Seeds taken to Moon by China's Chang'e-4 mission have sprouted

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Professor Xie Gengxin, the Chinese scientist in charge of the lunar plant experiment, said if successful, the project would signal that China was catching up in space exploration. It successfully deployed the Jade Rabbit 2 rover and has now once again made history by sprouting the first seedling on the moon.

The Chang'e 4 mission is equipped with 13 payloads, including four scientific payloads jointly developed by scientists from the Netherlands, Germany, Sweden, Saudi Arabia and China.

It is the first time a soft landing has been performed on the Moon's far side - also known as the dark side because it faces away from Earth and remains comparatively unknown - due to challenges relaying signals.

Cotton plants have been seen budding and growing, as shown by this close-up of the plants sprouting under a protective cover on the Chang'e 4 lunar lander.

The far side has been observed many times from lunar orbits, but never explored on the surface. In the container, the organisms have air, water, nutrients, and a controlled temperature and humidity that is allowing them to grow.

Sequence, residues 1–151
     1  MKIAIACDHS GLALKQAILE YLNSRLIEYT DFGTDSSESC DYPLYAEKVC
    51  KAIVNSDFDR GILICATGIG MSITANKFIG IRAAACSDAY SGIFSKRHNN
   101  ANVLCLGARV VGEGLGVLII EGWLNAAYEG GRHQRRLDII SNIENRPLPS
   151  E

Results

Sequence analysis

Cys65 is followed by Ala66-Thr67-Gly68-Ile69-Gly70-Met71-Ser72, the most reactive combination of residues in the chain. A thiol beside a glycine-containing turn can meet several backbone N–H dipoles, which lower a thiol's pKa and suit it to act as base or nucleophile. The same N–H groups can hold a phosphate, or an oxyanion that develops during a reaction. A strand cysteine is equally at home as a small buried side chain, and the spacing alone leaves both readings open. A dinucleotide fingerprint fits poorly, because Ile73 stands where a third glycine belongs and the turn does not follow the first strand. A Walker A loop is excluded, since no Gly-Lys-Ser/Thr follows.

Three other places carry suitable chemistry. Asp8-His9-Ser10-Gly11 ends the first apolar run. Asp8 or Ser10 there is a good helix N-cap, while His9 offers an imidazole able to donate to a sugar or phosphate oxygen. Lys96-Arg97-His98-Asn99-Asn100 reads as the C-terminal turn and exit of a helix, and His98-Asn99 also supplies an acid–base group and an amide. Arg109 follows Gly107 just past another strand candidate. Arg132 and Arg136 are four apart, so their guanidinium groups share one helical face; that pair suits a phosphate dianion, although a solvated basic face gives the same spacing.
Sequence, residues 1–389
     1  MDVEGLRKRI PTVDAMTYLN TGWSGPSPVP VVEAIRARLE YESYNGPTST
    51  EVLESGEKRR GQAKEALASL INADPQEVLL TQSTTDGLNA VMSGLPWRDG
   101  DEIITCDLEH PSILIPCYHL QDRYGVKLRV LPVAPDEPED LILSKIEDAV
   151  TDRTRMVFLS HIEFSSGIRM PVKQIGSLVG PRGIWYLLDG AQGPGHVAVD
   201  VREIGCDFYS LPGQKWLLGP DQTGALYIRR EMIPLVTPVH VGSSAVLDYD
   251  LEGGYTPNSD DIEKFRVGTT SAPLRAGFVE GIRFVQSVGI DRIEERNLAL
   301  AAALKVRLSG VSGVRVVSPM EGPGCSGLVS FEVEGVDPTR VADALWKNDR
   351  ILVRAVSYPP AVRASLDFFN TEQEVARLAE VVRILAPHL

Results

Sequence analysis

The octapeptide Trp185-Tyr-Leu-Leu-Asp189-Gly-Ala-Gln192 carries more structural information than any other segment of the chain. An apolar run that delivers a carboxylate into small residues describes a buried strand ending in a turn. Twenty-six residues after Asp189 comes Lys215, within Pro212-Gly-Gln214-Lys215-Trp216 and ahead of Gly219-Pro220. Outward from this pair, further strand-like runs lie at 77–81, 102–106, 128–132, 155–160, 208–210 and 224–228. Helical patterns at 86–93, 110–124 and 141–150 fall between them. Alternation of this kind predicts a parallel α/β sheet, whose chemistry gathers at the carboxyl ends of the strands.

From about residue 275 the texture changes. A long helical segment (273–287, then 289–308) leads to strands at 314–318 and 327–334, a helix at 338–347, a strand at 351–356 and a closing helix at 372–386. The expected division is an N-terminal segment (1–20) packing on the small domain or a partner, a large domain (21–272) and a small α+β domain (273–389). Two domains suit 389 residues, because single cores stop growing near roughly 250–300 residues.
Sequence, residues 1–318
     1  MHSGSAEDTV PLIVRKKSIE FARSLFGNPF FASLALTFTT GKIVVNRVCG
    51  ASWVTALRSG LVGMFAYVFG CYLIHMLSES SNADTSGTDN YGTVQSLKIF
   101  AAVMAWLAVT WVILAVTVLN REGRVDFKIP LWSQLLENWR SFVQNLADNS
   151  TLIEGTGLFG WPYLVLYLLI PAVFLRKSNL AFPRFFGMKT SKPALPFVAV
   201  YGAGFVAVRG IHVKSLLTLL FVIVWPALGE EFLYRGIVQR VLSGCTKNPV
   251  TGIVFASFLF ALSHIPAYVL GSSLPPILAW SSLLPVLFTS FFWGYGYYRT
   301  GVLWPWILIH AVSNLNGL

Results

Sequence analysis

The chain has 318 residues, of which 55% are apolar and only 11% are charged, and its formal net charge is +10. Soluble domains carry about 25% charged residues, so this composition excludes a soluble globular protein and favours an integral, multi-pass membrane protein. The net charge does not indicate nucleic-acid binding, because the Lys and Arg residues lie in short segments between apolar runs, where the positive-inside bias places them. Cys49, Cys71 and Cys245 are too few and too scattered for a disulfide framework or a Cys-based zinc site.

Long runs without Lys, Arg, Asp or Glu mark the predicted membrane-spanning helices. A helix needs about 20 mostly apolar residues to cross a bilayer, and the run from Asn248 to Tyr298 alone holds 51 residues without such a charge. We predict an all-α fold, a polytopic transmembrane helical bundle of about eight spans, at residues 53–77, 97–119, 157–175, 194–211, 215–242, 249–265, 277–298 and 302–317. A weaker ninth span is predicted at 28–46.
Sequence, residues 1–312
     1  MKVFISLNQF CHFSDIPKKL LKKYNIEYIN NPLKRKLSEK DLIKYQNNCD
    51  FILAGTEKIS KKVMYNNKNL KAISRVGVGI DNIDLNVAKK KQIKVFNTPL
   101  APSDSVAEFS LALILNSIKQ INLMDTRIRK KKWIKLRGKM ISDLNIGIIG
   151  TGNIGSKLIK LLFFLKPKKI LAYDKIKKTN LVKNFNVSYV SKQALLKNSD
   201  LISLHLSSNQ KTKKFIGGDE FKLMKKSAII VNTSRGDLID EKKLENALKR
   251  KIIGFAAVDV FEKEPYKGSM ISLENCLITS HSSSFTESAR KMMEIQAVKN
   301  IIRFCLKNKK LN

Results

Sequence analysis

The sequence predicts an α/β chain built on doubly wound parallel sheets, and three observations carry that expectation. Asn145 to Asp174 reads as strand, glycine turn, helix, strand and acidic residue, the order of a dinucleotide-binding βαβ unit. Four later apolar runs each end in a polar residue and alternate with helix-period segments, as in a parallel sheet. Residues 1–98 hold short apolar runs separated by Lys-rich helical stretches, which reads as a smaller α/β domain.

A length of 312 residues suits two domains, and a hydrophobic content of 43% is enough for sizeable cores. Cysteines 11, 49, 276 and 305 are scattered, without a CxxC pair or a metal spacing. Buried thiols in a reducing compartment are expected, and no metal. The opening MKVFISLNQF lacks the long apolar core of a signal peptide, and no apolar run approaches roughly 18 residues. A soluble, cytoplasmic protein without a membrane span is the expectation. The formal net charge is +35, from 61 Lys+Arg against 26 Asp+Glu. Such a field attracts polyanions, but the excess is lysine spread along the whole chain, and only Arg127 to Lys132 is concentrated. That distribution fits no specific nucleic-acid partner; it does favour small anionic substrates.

Pictures sent back January 12 showed plant shoots growing well nine days after the experiment was initiated, Chongqing University, which led the biological project, said in a briefing Tuesday.

Self-sustaining habitable environments for off-planet travel have been part of scientific research for decades, including a famous large-scale experiment conducted nearly 30 years ago called Biosphere 2 (Earth is Biosphere 1). The temperature can range from -173C to 100C. The plants produced oxygen and food by photosynthesis and sustained the fruit flies. We could probably make some nice sweaters from moon-grown cotton. By having a supply base on the moon, space travel to Mars and beyond could become easier.

According to Fred Watson of the Australian Astronomical Observatory, the development represented a step in the right direction.

It is hoped the experiment will pave the way for long-term space exploration and provide astronauts with the means to grown their own crops, à la Damon.

The State Council Information Office of China (SCIO) held a press conference Monday (Jan. 14) to discuss that epic touchdown, and to give an overview of the nation's future activities on Earth's nearest neighbor.

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